Yesterday, Google’s senior VP for mobile Andy Rubin said that there were a total of 3.7 million Android phones activated the weekend of Christmas and on the 25th. Last December 20, the latter tweeted that there were about 700,000 devices activated each day.
If a 50% growth was established by Android this year (pertaining to holiday activations) then figures would put 1.1 mllion activations are recorded and not higher than 2.6 million.
If we assume this as true then at about 4.2 million iOS devices were activated on the 25th of December. And Apple would have bested Android devices by 1.6 million
Fortune columnist Elmer DeWitt believes that the iPad and the iPod touch were the once responsible for Apple’s surge this past Christmas and not the iPhone 4S. According to him this is due to the fact that Android smartphones have increased their market share this past year.
These figures are based on projections. Mr. DeWitt also said that his estimate doesn’t account sales or activations for Amazon’s Kindle Fire. The compnay also hasn’t released figures for their device. Reports from eDataSource estimated that 850,000 to 2,000,000 units were sold in the span of 15 days from November to December of 2011.
Some bad news for the Japanese brand Sony. According to game-tracking firm Enterbrain, Sony’s Playstation Vita only sold 321,400 units on its first two days out in the market. While their rival Nintedo sold 50,000 more units of 3DS during the same period early this year.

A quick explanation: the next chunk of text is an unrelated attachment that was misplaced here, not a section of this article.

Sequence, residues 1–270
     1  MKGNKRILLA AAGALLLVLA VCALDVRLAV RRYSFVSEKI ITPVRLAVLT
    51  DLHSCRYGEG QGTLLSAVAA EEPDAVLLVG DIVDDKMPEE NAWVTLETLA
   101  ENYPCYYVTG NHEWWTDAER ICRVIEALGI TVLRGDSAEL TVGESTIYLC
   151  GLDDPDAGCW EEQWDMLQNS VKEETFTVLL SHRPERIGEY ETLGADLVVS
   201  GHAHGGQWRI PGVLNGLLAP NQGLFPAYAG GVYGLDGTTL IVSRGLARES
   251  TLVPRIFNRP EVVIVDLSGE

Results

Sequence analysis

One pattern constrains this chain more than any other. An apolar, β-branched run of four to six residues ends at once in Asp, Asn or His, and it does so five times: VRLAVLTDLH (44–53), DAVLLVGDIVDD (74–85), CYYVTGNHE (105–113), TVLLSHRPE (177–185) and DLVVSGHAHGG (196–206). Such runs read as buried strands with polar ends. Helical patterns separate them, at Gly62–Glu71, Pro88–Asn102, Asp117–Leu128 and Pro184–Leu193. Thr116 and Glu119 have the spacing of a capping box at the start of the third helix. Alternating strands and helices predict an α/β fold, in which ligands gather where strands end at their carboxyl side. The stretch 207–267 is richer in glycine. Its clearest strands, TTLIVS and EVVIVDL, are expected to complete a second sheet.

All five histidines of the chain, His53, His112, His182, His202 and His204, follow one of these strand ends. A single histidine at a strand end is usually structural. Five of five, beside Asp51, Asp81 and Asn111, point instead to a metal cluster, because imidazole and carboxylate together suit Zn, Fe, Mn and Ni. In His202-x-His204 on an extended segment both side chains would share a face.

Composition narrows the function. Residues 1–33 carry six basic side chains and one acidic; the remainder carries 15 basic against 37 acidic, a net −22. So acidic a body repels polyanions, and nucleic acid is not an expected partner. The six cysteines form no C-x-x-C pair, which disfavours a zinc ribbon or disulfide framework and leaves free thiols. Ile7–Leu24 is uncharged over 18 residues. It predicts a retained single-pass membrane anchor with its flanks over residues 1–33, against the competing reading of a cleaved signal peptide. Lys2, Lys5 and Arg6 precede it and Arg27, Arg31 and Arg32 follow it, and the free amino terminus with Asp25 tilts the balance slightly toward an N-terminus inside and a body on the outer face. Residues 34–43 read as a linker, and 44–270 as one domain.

Sony launched its latest toy last weekend. The new device has similar Playstation buttons on the right side and dual thumbsticks. It also has a Wi-Fi capability, 3G and front and rear cameras. It has a 5 inch display that is touch screen and has touchpads at the back of the gadget.
Though boasting of awe-inspiring features, the Vita is fighting an uphill climb in the tight gaming market.
2009 statistics show that the Nintendo DS captured 70 percent of the portable gaming revenue in the U.S.. Apple’s iOS and the Android had a combined 19 percent share while Sony’s PSP lagged behind with an 11% market.
According to Flurry Analytics, Nintendo’s share has dipped to 36 percent in just two years and Sony dropped to 6 percent. By year’s end, it is estimated that Android and iOS will account to 58 percent of the portable gaming devices sold in 2011.
The issue here is that Nintendo and Sony’s devices are solely for portable gaming. Smartphones such as the iPhone and the Galaxy Tabs gives individuals the ability to use their gadgets both for gaming and to make calls, access the web and popular apps.
According to CNET’s Jeff Bakalar, “portable console gaming no longer has a practical place in the current landscape of casual flick, drag and swipe games. He also added that, “there is no room for the 3DSes and Vitas of the world when all-in-one functionality is now more important than high-tech, gaming-focused mobile systems.”